Non-Hispanic or Latino whites
Non-Hispanic whites or Non-Latino whites (also referred to as Anglo-Americans) are European Americans, Middle Eastern Americans, and North African Americans as defined by the United States Census Bureau. Americans of European ancestry represent ethnic groups and more than half of the white population are German, Irish, English, Italian and Polish Americans.
57.8% of the total US population (2020) 204,300,000 (White Alone)
61.6% of the total US population (2020)
|Regions with significant populations|
|Throughout the United States, less common in California|
|Predominantly American English, with local minorities who speak American French (Louisiana, Vermont, Maine, New Hampshire), and immigrant languages (Russian, Italian, German , Polish and Greek)|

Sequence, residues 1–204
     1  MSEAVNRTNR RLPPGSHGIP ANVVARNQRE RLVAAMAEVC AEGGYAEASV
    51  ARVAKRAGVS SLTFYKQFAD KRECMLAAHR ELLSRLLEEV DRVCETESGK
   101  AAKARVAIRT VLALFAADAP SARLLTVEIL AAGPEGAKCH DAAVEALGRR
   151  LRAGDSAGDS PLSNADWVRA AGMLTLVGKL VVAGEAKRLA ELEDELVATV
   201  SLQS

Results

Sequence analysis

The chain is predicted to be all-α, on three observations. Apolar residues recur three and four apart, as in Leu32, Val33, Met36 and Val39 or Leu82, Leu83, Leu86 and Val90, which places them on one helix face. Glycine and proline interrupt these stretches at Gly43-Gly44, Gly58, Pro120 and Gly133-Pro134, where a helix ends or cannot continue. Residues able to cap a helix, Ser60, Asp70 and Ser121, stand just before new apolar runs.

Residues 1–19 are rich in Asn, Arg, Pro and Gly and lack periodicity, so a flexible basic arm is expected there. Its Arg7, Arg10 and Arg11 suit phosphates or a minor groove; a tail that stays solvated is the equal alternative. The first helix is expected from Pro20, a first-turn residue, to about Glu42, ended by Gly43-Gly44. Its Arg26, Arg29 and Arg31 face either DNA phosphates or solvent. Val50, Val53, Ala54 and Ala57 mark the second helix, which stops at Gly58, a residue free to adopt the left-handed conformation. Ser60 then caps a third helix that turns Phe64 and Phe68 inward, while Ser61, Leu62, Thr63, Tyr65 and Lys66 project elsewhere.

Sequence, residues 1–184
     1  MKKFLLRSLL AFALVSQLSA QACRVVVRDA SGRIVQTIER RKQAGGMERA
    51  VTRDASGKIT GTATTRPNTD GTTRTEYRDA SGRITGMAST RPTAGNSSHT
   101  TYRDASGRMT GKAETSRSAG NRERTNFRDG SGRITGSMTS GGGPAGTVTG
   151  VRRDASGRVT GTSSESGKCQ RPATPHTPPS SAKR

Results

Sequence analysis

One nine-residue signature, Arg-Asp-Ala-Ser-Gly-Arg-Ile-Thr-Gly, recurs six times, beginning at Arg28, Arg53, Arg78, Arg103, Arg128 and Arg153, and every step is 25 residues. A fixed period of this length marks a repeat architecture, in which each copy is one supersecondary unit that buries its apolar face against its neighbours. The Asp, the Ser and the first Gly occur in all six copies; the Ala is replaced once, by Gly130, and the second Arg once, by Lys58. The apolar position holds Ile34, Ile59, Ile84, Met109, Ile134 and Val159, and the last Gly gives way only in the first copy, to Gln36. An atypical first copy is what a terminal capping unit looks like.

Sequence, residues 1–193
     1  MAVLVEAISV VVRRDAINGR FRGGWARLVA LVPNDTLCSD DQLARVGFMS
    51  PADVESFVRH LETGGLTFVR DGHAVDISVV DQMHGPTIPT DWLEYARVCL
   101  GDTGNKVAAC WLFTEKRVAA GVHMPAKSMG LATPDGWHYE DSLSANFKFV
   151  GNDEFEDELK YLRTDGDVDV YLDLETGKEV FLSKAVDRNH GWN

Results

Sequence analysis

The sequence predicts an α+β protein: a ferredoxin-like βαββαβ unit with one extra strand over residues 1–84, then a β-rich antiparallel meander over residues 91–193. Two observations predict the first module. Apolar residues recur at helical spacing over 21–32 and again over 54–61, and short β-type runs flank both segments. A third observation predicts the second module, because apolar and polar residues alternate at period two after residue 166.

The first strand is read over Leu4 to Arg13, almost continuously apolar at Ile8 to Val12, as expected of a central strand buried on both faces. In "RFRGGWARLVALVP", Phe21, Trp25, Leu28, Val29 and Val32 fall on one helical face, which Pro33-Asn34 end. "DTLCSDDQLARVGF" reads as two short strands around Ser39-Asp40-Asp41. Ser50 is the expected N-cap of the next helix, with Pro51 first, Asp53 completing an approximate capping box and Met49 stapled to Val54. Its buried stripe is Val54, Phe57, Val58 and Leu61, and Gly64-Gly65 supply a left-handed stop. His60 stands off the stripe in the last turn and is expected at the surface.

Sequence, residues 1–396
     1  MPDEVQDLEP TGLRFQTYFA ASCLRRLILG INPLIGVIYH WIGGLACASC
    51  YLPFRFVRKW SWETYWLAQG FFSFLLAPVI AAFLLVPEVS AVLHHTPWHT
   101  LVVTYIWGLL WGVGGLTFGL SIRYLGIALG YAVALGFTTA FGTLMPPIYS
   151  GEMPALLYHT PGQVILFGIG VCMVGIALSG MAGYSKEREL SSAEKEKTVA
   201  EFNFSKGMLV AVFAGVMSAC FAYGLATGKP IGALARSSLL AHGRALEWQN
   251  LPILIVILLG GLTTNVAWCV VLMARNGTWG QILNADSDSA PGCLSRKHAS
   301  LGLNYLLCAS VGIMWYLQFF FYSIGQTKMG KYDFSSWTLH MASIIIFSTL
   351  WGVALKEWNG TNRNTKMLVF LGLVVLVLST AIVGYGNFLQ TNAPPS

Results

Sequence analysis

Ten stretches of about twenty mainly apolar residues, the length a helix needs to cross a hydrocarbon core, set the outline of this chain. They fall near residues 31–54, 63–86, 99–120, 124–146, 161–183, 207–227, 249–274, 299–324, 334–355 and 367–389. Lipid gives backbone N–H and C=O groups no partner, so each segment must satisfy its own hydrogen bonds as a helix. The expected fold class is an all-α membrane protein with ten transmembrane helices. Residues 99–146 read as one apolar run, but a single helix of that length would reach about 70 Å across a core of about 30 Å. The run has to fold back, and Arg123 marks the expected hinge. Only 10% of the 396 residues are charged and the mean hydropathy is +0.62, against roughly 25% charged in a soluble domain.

|Predominantly Protestant Christianity; minorities practice Catholicism, Judaism, and other faiths|
|Related ethnic groups|
In the United States, this population was first derived from English (and, to a lesser degree, French) settlement of the Americas, as well as settlement by other Europeans such as the Germans and Dutch that began in the 17th century (see History of the United States). Continued growth since the early 19th century is attributed to sustained very high birth rates alongside relatively low death rates among settlers and natives alike as well as periodically massive immigration from European countries, especially Germany, Ireland, England, Italy, Greece, the Netherlands, France and Wales, as well as Poland, Russia, and many more countries. It typically refers to an English-speaking American in distinction to Spanish speakers in Mexico and the Southwestern states.